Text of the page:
I just walked by the boardroom at work and did a double take on one of the meeting attendees. I thought my co-workers were having a health & safety session with Former Alberta Premier Ralph Klein. Now, call me an Alberta Girl, but I totally wanted to go in there and get his autograph…possibly on a cheque for all of those tax breaks I missed out on from 1998 forward when we moved out of the Province. Hey, I’m a Liberal but even I can’t deny how that staunch Conservative turned Alberta’s economy around in his tenure. Unfortunately, it wasn’t really him, but I think one of my colleagues is going back into the meeting to tell the guy that I think he looks like a prominent political figure, so maybe I’ll get that autograph anyways. Score!

——————
I have a sharp piece of granola stuck way up into my gums and I’m afraid it’s driving me mental. I think I’d rather have my arm cut off with a chainsaw than suffer this pain. Yes, even my good arm (I’m a righty!). I made granola bars last night, but I ended up burning them and because I’m CHEAP and I paid over four dollars for the can of sweetened condensed milk and thirty thousand dollars for the almonds, I am eating them anyways (Karma, that beyotch, got me good with my first bite and stabbed that needle of granola deep). It only takes a little bit of elbow grease, a hammer and a sharp spatula to force those suckers out of the pan…and Richard’s going to help me chisel the rest out tonight. It’ll be a nice project that we can tackle together.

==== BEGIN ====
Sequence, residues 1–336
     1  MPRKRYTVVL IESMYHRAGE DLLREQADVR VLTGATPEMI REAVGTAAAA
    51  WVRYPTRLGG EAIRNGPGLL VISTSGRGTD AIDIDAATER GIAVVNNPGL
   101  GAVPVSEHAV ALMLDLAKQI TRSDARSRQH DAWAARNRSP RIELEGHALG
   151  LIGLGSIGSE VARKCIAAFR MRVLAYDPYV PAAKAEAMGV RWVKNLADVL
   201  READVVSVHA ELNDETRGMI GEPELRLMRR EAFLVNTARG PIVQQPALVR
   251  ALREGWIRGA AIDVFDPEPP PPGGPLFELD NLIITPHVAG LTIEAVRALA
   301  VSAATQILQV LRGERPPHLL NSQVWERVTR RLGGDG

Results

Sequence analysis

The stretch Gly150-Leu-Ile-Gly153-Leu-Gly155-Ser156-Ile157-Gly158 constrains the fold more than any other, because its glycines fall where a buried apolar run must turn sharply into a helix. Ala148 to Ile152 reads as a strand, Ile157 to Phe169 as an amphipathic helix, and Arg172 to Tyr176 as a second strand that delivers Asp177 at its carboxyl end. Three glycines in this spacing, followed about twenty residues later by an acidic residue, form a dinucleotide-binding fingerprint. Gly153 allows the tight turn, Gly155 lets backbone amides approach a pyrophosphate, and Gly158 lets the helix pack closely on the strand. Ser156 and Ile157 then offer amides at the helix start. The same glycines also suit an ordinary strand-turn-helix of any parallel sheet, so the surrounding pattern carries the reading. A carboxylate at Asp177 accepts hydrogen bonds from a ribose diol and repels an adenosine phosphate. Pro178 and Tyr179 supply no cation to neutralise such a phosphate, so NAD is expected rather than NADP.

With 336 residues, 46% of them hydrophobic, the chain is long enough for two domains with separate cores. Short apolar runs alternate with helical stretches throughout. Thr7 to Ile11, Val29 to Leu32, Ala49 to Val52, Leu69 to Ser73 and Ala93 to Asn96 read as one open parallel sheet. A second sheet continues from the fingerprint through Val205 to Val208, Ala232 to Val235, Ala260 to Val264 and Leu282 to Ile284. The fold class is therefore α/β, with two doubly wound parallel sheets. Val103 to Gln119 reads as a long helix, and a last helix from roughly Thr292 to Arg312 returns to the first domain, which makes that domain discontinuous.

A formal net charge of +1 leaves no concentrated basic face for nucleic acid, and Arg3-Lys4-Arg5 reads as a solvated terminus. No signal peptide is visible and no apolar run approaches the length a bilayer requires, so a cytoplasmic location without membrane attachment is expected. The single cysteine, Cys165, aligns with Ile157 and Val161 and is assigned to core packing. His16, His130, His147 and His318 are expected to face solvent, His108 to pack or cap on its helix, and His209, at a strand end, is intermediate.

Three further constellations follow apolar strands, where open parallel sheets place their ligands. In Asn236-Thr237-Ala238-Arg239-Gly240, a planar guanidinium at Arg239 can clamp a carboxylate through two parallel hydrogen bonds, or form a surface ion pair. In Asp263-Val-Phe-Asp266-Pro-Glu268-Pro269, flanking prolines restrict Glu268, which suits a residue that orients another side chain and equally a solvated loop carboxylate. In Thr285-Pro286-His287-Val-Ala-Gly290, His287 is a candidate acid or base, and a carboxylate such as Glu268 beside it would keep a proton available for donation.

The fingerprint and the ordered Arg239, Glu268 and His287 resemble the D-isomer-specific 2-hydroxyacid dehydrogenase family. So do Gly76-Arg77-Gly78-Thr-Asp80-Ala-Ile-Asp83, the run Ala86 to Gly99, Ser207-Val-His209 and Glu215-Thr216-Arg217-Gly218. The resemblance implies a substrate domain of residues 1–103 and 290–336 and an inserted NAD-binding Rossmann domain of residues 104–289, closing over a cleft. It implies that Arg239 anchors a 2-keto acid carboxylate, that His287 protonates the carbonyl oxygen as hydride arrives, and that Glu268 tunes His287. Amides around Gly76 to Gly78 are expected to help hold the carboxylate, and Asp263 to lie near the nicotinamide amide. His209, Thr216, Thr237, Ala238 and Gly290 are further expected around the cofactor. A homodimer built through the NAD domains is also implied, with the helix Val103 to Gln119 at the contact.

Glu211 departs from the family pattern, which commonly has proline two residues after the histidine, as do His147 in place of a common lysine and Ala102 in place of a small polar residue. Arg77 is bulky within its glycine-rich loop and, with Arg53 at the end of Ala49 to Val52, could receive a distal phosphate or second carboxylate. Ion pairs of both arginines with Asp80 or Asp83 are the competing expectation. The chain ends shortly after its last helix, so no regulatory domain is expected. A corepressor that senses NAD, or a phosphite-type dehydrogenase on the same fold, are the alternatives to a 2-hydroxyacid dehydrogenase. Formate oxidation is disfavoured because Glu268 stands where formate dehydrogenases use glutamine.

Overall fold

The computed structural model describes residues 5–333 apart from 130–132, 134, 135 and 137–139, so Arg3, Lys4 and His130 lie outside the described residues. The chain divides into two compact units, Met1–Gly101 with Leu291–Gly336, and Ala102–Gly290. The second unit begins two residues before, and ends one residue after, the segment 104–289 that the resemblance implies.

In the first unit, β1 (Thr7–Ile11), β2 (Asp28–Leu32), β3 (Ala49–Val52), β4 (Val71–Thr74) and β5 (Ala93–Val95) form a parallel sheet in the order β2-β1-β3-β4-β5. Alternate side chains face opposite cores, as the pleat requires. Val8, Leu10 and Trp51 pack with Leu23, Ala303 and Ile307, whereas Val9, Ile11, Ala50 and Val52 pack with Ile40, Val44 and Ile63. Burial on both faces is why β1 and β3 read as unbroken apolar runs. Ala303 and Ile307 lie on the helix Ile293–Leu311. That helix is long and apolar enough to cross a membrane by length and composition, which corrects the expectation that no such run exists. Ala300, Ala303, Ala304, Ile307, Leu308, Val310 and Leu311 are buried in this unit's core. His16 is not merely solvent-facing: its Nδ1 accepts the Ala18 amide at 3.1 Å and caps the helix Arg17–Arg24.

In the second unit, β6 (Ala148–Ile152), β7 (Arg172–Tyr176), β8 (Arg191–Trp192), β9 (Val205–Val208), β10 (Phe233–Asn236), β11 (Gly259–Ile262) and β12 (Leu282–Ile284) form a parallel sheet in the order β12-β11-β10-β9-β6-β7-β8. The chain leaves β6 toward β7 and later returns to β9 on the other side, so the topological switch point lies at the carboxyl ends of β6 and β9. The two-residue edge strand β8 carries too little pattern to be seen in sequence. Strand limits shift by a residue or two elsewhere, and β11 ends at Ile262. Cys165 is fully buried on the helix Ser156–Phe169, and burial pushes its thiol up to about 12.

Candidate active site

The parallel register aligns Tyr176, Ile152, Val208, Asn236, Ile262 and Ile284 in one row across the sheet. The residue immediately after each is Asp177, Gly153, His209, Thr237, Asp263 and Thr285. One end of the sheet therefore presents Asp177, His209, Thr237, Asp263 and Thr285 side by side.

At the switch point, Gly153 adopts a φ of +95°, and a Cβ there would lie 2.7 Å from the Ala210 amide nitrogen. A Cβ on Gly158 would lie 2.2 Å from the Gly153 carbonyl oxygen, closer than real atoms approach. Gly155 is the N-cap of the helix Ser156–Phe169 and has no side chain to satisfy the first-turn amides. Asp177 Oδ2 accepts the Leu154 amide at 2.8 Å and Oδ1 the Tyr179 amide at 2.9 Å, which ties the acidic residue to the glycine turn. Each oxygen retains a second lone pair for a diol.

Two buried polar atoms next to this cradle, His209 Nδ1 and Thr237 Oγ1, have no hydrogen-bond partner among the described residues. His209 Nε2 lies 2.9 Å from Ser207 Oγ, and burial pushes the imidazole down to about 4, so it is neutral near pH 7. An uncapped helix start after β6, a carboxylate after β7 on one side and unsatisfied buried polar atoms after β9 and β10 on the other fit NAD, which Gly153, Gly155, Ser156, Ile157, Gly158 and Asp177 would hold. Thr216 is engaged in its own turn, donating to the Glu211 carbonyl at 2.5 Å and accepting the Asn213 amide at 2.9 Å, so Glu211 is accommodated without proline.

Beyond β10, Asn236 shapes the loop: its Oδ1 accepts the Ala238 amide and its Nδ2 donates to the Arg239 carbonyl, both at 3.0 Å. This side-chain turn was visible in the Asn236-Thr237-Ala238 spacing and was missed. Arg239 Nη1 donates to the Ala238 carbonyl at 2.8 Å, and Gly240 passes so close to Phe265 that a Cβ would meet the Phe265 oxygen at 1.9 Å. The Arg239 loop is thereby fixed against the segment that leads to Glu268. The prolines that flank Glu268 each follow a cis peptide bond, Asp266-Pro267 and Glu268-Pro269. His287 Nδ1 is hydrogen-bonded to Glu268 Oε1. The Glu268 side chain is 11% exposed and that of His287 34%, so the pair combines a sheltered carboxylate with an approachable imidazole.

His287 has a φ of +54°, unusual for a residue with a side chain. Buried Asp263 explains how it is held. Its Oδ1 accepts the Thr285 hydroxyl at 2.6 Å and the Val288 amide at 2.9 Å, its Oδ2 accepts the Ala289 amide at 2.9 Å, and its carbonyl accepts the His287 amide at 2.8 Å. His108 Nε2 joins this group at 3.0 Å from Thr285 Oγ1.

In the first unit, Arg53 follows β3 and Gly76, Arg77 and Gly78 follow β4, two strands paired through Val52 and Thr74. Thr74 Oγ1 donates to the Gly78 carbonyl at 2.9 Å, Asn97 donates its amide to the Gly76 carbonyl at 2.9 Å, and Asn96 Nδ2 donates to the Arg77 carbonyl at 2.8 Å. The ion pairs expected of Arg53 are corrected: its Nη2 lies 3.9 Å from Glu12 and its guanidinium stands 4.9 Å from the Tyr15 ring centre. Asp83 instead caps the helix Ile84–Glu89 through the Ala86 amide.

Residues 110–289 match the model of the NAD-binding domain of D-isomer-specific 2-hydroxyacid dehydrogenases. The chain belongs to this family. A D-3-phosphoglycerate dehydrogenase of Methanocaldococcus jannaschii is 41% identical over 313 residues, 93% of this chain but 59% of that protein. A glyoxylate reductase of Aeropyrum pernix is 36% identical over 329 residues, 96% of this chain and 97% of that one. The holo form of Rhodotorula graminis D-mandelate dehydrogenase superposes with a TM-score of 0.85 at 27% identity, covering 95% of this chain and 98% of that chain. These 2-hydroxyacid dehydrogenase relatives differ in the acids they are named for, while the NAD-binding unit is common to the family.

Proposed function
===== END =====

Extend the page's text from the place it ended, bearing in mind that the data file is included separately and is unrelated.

——————

I burned the granola because I was lost in a sewing project when the timer on the oven went off. I’ve decided to go green and save the environment (single handedly!) by making reusable shopping bags out of old t-shirts. I got the idea from etsy. I noticed a few people are selling slightly different versions of a t-shirt bag and decided to concoct my own version. I made a couple and they turned out really well. I’ll take some piccies and post them later. The trouble now is, I’m scouring the house for old t-shirts and my family has had to put their favourites into hiding for fear they’ll end up holding next month’s groceries. I have reusable bags from Superstore – the black 99 cent ones – but the cashiers at Safeway give me the stinkeye when I use them there, so I thought I’d make up a bunch of t-shirt bags to alleviate that issue. Now, when I hand them my recycled t-shirts to stuff groceries into those jaded cashiers won’t be thinking “damned Superstore shopper”, instead they’ll be thinking “damned Hippie!”